This week’s chart series uses data from the US Treasury to illustrate the past 30 years of raising the debt ceiling. These charts show that raising the debt ceiling and living beyond our means is a bipartisan problem.
Congress has the constitutional prerogative to control spending, and it does so through the debt ceiling, which sets the allowable limit of federal government borrowing. The first chart shows all the times that the debt limit has been raised since 1980, which includes 18 times under Ronald Reagan, four times under Bill Clinton, and seven times under George W. Bush. Most recently, President Obama raised the debt limit for his fifth time, to $16.69 trillion, $305 billion above the previous statutory limit, which is exponentially greater than when it first reached $1 trillion about 30 years ago in 1982.
Debt Subject to Limit
The debt limit applies to federal debt held by the public and by the government’s own accounts, also known as intergovernmental debt, which includes Social Security, Medicare, and Civil Service Retirement accounts. Of the $16.699 trillion in outstanding debt subject to limit, roughly $11.9 trillion is held by the public, and about $4.8 trillion is held by government accounts.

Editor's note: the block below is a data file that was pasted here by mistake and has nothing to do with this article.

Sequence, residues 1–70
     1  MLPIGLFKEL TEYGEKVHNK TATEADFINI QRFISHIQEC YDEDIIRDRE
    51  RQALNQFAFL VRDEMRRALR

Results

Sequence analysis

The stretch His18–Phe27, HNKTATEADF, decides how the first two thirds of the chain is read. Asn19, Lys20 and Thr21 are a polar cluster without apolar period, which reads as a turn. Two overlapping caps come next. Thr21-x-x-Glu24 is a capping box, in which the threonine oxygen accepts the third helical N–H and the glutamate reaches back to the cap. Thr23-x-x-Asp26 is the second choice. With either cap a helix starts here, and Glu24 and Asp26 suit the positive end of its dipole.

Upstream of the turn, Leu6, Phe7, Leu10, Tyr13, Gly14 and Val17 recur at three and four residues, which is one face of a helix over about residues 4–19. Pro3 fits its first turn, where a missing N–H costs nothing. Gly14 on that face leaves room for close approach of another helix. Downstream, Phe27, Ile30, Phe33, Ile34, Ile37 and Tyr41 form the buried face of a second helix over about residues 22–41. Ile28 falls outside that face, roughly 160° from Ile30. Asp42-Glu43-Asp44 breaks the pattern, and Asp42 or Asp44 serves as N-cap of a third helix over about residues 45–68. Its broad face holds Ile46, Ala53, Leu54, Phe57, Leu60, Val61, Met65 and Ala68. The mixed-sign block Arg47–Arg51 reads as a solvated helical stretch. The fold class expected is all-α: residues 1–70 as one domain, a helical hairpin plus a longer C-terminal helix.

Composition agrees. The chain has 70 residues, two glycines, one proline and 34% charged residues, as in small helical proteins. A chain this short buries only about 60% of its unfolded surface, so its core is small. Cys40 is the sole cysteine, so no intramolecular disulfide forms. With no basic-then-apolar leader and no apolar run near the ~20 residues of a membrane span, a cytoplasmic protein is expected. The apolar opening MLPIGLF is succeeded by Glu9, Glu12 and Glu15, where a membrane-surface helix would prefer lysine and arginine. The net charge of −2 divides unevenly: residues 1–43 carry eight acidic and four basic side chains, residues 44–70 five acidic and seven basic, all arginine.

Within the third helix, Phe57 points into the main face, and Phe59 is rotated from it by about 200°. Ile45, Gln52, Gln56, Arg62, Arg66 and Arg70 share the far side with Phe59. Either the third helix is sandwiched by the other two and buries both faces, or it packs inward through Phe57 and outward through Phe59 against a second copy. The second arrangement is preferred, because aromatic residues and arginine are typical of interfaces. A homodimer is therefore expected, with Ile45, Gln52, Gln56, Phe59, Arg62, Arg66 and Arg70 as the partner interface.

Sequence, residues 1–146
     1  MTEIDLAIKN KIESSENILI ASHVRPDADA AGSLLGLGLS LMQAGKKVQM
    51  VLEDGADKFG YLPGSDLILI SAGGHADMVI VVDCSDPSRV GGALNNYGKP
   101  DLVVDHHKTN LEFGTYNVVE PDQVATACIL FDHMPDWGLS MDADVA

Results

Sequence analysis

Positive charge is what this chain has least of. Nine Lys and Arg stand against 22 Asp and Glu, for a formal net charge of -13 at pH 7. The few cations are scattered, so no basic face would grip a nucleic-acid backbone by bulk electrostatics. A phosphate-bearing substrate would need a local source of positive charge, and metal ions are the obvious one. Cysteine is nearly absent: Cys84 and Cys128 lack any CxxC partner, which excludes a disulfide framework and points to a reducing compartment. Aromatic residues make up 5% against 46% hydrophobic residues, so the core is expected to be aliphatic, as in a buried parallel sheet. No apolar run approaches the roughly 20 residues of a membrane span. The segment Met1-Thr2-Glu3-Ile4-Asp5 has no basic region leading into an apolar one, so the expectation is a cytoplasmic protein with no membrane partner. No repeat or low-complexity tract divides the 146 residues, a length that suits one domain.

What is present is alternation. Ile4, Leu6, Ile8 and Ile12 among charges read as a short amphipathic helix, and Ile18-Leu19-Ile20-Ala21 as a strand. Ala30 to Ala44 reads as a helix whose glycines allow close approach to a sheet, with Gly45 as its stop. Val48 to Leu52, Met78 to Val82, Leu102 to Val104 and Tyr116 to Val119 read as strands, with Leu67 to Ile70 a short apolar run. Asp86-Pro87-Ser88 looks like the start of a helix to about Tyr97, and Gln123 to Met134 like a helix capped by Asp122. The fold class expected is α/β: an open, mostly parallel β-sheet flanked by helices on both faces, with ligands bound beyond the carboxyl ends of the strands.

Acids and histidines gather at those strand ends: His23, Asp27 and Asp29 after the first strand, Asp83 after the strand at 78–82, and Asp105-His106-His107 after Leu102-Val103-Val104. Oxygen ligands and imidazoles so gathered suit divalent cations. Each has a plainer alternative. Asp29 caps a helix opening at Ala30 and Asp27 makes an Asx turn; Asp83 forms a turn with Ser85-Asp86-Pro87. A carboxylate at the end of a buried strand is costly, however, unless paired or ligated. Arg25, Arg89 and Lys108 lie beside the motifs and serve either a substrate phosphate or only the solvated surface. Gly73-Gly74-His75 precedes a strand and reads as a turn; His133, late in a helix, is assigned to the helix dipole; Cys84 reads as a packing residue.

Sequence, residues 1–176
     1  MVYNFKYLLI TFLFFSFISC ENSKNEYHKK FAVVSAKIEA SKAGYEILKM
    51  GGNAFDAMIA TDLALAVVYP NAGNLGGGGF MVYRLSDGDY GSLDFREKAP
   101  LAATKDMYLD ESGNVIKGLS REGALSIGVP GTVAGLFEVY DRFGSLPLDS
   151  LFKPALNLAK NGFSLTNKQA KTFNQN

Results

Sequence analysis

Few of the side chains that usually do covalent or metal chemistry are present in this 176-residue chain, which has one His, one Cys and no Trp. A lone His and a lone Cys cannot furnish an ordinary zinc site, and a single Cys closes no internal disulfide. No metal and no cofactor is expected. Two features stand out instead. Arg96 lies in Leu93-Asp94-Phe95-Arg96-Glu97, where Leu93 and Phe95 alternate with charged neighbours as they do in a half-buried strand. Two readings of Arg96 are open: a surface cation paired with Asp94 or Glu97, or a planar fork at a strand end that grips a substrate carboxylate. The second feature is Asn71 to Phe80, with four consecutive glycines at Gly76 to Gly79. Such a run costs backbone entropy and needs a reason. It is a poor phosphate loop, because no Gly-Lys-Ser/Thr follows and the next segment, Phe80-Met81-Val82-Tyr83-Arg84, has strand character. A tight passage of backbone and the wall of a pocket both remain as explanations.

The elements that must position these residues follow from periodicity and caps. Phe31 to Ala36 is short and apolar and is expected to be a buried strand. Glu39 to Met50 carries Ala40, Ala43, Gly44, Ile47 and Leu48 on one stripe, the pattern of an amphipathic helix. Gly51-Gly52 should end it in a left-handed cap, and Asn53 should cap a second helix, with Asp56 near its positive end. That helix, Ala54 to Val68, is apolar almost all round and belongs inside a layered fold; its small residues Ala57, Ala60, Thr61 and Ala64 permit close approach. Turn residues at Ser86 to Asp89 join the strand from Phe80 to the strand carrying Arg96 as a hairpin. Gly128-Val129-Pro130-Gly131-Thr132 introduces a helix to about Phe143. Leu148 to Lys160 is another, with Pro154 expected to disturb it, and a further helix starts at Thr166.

Simply raising the debt ceiling alone does nothing to address underlying drivers of our debt problem. The persistence of federal budget deficits has led to sustained growth in debt, thus requiring the government to issue increasing amounts of debt to the public. The second chart shows the growing portion of federal debt held by the public. Here are some key observations:
- public debt, which changes in response to surpluses or deficits, shrunk as a share of GDP in the late-1990s;
- from FY 1998 through FY 2001, the federal government ran surpluses and GDP was growing rapidly, which reduced debt held by the public;
- when large deficits returned and GDP growth slowed in the early 2000s, public debt increased again.
Historically, leaders from both parties have engaged in lifting the debt ceiling. The important discussion centers not on whether Congress should extend the debt limit, but whether and how these efforts can be tied to deficit-reduction measures.